What is the proof for the rare trig identity with tan/tan = other/other?

In summary: If I...What ARE you talking about? I don't see how setting x**2 to -1 proves or disproves anything and that's all you've done. How does this have any bearing on the ORIGINAL problem, which is what @.Scott was addressing.@phinds what was the ORIGINAL problem?In summary, the original problem was asking for a proof that tan(x+y) does not equal sin(x)cos(x)+sin(y)cos(y). This was not what was posted by @.Scott. @.Scott's post #2 just proves that tan(x+y) = sin(x)cos(x) + sin(y)cos(
  • #1
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Homework Statement
Prove that ##\frac{\text{tan}(x - y)}{\text{tan}(x + y)} = \frac{ \text{sin}(x)\text{cos}(x) - \text{sin}(y)\text{cos}(y)}{\text{sin}(x)\text{cos}(x) + \text{sin}(y)\text{cos}(y)}##
Relevant Equations
Other trig identities.
Came across this trig identity working another problem and I've never seen it before in my life. I don't need to prove it myself, necessarily, but I would really like to see a proof of it (my scouring of the internet has yielded no results). If someone more trigonometrically talented than myself would take a crack at it, or else guide me through at least the intuition behind it that would be wonderful. Thanks!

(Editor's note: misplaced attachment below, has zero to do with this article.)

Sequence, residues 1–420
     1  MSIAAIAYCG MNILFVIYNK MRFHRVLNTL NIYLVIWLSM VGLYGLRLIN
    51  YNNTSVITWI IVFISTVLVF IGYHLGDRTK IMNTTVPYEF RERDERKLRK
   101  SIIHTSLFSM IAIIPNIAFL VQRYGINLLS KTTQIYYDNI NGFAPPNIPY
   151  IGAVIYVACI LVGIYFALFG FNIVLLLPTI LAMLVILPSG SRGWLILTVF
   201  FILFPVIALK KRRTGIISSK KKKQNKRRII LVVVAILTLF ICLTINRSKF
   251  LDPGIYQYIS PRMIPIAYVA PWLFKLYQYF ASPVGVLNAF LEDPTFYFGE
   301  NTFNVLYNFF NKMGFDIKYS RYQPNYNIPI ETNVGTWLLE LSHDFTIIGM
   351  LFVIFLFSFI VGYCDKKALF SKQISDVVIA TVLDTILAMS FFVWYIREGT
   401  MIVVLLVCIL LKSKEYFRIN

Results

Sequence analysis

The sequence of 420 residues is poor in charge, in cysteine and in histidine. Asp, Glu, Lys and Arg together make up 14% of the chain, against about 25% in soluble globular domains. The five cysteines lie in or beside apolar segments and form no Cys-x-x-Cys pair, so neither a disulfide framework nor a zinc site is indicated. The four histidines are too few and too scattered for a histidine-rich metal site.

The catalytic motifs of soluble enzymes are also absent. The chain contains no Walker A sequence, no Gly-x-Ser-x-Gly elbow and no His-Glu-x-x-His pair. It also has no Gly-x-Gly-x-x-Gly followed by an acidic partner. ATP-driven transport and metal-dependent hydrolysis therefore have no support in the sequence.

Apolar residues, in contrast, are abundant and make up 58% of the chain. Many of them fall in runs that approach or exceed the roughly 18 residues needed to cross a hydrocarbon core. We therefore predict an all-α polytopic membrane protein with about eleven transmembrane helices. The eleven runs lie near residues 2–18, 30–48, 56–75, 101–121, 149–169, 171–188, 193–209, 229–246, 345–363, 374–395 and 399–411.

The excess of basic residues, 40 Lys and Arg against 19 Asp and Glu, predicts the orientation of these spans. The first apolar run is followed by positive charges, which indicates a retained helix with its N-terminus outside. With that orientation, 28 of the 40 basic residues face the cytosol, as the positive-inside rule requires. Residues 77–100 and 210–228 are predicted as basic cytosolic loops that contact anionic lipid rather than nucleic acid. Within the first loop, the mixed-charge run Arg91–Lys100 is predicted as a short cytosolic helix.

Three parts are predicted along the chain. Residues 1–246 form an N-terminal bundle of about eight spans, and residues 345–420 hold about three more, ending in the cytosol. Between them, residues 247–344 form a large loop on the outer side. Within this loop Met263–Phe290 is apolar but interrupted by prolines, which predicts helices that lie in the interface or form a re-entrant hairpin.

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  • #2
I can prove it is not:

Since the ranges of sin and cos are -1 to +1, the range of the product cannot exceed -1 to +1. (In fact, it's -0.5 to +0.5).

Since we are adding two of these products, the range cannot exceed -2 to +2.

The range of the tan function is +/- infinity, far out-ranging the sum of those products.

Thus, ##tan(x+y)## cannot equal ##sin(x)cos(x)+sin(y)cos(y)##.

Here is a specific counter-example:
##tan(0.7+0.8) = tan(1.5) = 14.1014##
##sin(0.7)cos(0.7)+sin(0.8)cos(0.8) = 0.4927 + 0.4998 = 0.9925##
14.1014 is not equal to 0.9925
 
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  • #3
do you know sum or difference identities for tangent ?
 
  • #4
cbarker1 said:
do you know sum or difference identities for tangent ?
Look here.
 
  • #5
.Scott said:
Look here.
My question was meant for the person who posted the homework question, sorry for the confusion.
 
  • #6
.Scott said:
I can prove it is not:

Since the ranges of sin and cos are -1 to +1, the range of the product cannot exceed -1 to +1. (In fact, it's -0.5 to +0.5).

Since we are adding two of these products, the range cannot exceed -2 to +2.